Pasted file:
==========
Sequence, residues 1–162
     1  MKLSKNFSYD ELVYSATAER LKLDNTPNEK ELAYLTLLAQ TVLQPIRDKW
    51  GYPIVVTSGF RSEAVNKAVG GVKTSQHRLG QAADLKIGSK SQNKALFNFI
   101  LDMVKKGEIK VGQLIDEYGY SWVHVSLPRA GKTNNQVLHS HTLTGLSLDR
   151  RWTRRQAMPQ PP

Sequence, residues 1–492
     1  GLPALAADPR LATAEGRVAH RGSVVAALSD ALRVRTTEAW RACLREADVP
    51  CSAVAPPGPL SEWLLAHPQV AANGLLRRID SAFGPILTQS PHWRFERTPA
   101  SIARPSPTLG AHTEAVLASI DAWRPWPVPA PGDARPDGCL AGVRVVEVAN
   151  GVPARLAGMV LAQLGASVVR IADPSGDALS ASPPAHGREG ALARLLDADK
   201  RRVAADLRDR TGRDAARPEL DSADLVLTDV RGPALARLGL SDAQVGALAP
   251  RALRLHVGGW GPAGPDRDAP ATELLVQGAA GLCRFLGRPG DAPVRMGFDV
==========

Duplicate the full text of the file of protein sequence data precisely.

Sequence, residues 1–162
     1  MKLSKNFSYD ELVYSATAER LKLDNTPNEK ELAYLTLLAQ TVLQPIRDKW
    51  GYPIVVTSGF RSEAVNKAVG GVKTSQHRLG QAADLKIGSK SQNKALFNFI
   101  LDMVKKGEIK VGQLIDEYGY SWVHVSLPRA GKTNNQVLHS HTLTGLSLDR
   151  RWTRRQAMPQ PP

Sequence, residues 1–492
     1  GLPALAADPR LATAEGRVAH RGSVVAALSD ALRVRTTEAW RACLREADVP
    51  CSAVAPPGPL SEWLLAHPQV AANGLLRRID SAFGPILTQS PHWRFERTPA
   101  SIARPSPTLG AHTEAVLASI DAWRPWPVPA PGDARPDGCL AGVRVVEVAN
   151  GVPARLAGMV LAQLGASVVR IADPSGDALS ASPPAHGREG ALARLLDADK
   201  RRVAADLRDR TGRDAARPEL DSADLVLTDV RGPALARLGL SDAQVGALAP
   251  RALRLHVGGW GPAGPDRDAP ATELLVQGAA GLCRFLGRPG DAPVRMGFDV